12. The extremely detailed 1961 Deb Chandra Special Report 67 is also a great resource for the American River tertiary gravels. http://www.mylandmatters.org/Library/Item=172 In 2012 we managed to borrow one of the three remaining copies of the very large hand colored tertiary gravels map in the original 1890 Colfax Folio from the Federal Repository. We did digitize that map as well as the Lindgren, Clark, Olaf Jenkins and Deb Chandra reports to create the interactive geology mapping on the North and Middle Fork FootPrints.
  13. On Land Matters I create the claims mapping with a proprietary system I've built into my spatial database. Even though that sounds "automatic" it still takes about 12 hours to process the 30 plus Gigabytes of claim data provided by the BLM twice a month. For individual claims mapping in my business jasong pretty much outlined the system. It's very involved work with huge amounts of research required to compensate for the often poorly located claims. Here's an example from my claims mapping this week. I'm researching a group of claims from the 1900 period in a well developed mining district. This group of claims has no metes and bounds description and the tie to a known permanent monument refers to "the white bridge on the paved road". This mining district is now composed of large mine pits that have completely obliterated any past roads or bridges from that period. The only other location reference is to another group of claims that were never recorded at the County and were abandoned in 1914. I have now managed to map the claims after researching the highway department records (no results), mining district records (missing), old maps (no results) and a long conversation with a regional historical society member (success!).
  14. That's pretty much the same system I use in Nevada jasong. The only difference being my clients want all the claims mapped no matter what the age. The availability of information varies a lot by state and county. In Arizona location notices and amendments are available online for free. Every County Recorder is required to record mining claim records by TRS as well as Grantor/Grantee, date and type of document. That's true of the entire state except Maricopa County who have refused to record their documents to the standards defined by the legislature despite many requests over many years. In California it appears the only recording standard is send more money and hope they eventually respond in some way. Different counties there have different fees and policies. Little tiny Mono County is responsive and will often email you the requested docs for free if you are polite, patient and respectful. Another county (to remain unnamed) wants thousands of dollars before they will respond. The largest county has refused to search their records for the last year cuz covid. In California you pays yer money and take your chances. Idaho is a mixed bag but I've found the recorders there to be helpful and responsive. Not all counties have online access but even some of the smallest counties do have online free downloads of records. Obviously I deal with Recorder's in all the western mining states as well as beyond, It would take more time than I have to outline my experiences with all of them but the one thing that becomes obvious rather quickly is that there is no standard method of acquiring public records, mining or otherwise. You've just got to learn the local systems and jump through whatever hoops are presented.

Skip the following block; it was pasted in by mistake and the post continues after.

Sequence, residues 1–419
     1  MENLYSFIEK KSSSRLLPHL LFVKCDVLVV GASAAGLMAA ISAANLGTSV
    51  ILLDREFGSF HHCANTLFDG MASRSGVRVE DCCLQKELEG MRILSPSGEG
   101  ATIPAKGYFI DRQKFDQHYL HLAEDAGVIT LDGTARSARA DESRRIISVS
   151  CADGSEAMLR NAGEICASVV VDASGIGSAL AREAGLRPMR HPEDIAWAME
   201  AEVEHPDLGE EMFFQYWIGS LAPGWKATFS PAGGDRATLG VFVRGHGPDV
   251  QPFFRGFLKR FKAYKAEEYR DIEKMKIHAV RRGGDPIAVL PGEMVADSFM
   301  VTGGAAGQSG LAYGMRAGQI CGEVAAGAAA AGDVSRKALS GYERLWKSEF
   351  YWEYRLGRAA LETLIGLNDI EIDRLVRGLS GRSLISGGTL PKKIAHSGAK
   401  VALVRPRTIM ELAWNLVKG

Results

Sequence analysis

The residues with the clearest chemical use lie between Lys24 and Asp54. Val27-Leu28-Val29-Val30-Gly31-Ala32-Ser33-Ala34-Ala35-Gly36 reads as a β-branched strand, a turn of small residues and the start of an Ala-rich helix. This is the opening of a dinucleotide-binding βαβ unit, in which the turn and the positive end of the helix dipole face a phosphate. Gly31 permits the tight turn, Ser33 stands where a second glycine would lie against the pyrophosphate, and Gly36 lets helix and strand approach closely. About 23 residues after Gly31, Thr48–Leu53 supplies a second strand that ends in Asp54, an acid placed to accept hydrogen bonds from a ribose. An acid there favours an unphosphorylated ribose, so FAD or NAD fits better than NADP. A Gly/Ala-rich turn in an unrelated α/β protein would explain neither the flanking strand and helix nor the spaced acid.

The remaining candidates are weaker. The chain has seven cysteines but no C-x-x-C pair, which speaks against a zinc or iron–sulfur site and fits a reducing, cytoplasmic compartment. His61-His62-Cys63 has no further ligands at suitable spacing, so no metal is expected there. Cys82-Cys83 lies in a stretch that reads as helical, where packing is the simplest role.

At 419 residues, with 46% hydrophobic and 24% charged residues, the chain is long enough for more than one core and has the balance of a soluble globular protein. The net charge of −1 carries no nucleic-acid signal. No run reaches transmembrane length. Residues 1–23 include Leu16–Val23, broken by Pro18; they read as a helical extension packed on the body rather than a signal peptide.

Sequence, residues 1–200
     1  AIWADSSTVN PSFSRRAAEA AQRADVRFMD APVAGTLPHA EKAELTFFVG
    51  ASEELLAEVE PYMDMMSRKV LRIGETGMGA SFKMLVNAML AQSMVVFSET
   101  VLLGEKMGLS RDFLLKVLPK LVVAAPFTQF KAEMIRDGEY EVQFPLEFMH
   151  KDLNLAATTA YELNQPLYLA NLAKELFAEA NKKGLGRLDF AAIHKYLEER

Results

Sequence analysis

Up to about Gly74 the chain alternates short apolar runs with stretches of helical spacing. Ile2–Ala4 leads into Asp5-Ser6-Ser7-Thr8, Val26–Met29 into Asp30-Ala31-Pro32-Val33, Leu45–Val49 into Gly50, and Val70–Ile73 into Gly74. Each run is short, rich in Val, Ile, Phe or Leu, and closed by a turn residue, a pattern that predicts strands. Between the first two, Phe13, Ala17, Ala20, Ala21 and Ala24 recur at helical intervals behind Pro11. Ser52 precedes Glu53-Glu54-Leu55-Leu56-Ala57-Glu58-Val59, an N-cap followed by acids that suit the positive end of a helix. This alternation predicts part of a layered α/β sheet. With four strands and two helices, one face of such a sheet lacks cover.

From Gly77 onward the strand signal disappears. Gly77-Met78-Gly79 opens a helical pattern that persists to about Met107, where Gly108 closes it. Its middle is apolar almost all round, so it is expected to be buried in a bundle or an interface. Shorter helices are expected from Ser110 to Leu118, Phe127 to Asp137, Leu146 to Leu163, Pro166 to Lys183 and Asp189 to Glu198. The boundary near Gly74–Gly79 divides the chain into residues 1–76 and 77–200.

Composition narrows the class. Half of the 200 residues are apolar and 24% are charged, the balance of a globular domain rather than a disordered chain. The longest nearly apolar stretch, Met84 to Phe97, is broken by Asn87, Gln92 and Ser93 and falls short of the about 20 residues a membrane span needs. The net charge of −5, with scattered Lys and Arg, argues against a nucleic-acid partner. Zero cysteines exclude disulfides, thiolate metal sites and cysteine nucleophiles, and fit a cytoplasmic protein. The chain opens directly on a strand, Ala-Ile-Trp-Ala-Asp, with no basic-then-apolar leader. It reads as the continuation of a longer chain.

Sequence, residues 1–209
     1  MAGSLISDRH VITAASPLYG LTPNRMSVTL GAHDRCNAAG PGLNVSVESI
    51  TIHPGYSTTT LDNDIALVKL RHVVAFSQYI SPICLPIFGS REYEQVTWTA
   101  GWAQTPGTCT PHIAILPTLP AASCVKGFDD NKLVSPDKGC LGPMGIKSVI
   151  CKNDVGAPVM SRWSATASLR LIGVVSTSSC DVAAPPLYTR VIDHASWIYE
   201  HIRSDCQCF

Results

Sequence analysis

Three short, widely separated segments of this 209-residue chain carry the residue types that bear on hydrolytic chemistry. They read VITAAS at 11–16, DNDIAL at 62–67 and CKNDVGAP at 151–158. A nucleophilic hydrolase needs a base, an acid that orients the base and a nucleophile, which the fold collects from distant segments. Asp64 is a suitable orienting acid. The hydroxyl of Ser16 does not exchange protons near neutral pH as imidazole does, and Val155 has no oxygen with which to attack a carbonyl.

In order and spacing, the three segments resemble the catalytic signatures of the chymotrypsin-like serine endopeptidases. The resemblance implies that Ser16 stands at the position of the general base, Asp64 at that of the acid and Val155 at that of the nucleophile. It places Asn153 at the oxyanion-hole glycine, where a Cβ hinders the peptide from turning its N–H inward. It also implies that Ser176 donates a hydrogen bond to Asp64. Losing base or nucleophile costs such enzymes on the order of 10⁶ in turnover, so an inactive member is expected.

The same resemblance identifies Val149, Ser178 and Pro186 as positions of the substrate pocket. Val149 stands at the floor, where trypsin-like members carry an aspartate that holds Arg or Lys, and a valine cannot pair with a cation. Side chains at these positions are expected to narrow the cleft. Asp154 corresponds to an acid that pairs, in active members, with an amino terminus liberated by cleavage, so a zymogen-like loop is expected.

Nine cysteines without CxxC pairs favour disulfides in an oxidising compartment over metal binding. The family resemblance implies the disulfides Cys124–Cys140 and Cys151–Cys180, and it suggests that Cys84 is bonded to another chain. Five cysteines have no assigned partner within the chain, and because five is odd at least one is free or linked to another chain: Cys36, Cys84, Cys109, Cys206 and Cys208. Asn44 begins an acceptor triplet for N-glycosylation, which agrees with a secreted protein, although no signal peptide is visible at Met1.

15. That's a good tip Jim. County Assessors can, and often will, help you locate property information. It works well in the dozen or so counties that do tax mining claims. Most states and counties do not tax mining claims. The BLM Serial Register page for each mining claim also has the names and addresses of the owners of each mining claim. Using the Land Matters mining claims maps you are provided a link to each claim's Serial Register Page at the BLM. You can get the contact information for any claim right from your own computer. If you have a mobile internet connection you can look up claims and claim owners while in the field.